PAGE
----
At 1 o'clock in the afternoon we have lunch. We usually have lunch in a small cafe just round the corner. At 2 o'clock we come back to work. And we work hard till 5 o'clock. During the working day we also have several short coffee breaks. But sometimes we have no time for them.
I come home at about 7 o'clock in the evening. My parents are usually at home, waiting for me. We have dinner together. Then we sit in the living room, drink tea, watch TV or just talk. Occasionally I have to stay at work till 6 or even 7 o'clock in the evening. When we have a lot of things to do we go to work on Saturdays. So by the end of the week I get very tired. All I can do on Sundays is to sleep till eleven o'clock, watch television, listen to music and read something in English.
And still I always look forward to my next working day because I like my job. I think I get a lot of useful experience.
The day off
How do young people spend their spare time? What leisure activities do they prefer? These and other questions were asked in a sociological survey. The results of the opinion poll conducted among young people living in big cities and in the country add up to the following hierarchy of pastimes: music in combination with such forms of group activities as discos, concerts, and cafe-club come first, followed by the Internet, theatre and reading. Then come films, museums, amateur arts and engineering; and finally, TV and classical music. The questionnaire, circulated among pupils of 9—11 forms, students and young workers, has shown that the arts are regarded second only to contacts with friends (or a girl/boy friend).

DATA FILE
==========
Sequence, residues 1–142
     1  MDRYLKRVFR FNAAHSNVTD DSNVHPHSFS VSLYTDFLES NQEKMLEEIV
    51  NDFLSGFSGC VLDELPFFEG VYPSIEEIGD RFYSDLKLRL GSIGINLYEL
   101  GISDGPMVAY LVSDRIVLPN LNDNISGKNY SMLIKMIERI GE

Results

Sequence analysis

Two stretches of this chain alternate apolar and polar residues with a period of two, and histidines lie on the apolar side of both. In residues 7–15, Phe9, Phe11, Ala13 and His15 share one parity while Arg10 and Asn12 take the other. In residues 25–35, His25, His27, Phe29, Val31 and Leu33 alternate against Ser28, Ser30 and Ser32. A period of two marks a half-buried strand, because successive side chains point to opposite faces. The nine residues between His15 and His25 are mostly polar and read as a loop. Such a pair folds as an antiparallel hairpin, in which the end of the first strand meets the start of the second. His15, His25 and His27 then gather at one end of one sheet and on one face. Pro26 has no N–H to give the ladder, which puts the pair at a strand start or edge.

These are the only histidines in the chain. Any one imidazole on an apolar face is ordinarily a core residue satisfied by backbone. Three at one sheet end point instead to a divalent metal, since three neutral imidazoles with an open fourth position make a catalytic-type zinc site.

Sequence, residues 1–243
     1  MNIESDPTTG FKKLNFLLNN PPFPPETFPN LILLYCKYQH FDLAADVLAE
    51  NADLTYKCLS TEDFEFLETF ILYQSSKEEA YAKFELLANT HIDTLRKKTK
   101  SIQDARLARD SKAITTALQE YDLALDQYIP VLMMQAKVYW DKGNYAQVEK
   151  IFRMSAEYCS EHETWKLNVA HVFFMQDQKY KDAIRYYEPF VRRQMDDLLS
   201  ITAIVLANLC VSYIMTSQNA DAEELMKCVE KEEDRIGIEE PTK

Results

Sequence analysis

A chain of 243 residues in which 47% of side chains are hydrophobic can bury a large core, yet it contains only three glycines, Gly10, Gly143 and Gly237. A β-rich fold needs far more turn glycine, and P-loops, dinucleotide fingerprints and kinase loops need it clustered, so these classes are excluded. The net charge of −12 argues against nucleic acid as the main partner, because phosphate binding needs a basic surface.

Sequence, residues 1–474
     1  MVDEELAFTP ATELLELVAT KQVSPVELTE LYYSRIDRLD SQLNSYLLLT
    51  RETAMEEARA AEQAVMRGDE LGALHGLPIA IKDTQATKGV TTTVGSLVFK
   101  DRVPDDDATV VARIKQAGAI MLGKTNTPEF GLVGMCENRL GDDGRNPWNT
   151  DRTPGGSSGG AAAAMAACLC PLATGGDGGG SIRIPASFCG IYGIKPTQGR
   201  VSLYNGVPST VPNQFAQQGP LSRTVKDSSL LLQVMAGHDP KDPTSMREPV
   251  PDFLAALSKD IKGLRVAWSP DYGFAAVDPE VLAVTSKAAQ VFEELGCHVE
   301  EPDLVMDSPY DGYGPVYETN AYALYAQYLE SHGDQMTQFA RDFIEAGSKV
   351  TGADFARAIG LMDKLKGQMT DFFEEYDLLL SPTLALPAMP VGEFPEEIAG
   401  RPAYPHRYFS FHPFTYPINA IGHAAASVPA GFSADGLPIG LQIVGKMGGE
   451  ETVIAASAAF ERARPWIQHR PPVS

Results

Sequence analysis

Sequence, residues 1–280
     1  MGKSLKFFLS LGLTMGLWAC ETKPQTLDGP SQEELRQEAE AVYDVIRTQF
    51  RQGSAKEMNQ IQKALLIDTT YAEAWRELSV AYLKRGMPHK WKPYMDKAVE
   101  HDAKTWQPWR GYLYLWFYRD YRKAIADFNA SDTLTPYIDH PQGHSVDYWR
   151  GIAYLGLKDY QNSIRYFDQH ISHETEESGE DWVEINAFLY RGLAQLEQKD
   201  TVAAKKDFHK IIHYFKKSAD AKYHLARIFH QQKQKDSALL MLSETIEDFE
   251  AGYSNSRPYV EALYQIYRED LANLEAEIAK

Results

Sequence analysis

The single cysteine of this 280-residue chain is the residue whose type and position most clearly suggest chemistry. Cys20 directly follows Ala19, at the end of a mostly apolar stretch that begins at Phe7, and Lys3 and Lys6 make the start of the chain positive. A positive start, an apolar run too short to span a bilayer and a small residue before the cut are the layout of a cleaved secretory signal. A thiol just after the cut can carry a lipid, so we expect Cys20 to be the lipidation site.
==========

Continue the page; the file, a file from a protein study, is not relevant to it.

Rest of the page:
Most young people admit they do not know how to plan their leisure. To use sociological terminology, their leisure qualifications are inadequate.